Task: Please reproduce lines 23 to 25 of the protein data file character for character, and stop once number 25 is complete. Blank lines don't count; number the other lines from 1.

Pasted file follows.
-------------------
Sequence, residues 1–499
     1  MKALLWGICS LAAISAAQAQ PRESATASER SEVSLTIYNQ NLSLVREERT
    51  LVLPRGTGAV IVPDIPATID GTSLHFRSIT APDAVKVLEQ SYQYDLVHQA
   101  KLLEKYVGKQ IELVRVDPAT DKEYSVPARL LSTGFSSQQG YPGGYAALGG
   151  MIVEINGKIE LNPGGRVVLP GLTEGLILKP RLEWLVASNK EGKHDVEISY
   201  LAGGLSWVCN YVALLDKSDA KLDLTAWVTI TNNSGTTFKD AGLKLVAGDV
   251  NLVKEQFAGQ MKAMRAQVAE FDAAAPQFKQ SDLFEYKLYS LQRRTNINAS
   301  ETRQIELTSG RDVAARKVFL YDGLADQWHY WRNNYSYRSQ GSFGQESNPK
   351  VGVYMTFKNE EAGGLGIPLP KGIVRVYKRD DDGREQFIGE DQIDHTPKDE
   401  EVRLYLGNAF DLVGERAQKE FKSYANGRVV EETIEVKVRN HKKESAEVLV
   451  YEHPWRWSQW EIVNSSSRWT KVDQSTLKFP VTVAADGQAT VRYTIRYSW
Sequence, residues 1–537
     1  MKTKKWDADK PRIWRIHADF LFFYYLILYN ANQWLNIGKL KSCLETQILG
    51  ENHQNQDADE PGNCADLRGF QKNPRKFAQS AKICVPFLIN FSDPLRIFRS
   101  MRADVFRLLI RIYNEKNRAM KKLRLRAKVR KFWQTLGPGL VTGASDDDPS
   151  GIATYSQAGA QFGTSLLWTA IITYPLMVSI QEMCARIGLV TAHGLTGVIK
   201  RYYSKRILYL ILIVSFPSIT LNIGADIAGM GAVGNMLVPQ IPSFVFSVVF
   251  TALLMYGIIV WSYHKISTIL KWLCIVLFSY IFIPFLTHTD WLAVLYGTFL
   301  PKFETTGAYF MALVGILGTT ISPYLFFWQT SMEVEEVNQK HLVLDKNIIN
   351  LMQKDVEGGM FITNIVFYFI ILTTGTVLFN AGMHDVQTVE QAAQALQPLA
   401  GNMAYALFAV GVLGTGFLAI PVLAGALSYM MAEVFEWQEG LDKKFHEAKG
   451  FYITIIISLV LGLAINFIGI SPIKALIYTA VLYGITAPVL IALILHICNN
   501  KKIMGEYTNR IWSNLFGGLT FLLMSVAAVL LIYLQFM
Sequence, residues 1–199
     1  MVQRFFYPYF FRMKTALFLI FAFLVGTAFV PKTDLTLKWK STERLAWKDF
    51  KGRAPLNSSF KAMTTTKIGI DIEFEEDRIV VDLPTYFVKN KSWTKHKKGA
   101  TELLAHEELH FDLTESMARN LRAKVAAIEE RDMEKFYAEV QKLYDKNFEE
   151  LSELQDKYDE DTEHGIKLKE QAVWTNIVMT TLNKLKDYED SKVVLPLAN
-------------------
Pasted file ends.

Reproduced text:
   501  KKIMGEYTNR IWSNLFGGLT FLLMSVAAVL LIYLQFM
Sequence, residues 1–199
     1  MVQRFFYPYF FRMKTALFLI FAFLVGTAFV PKTDLTLKWK STERLAWKDF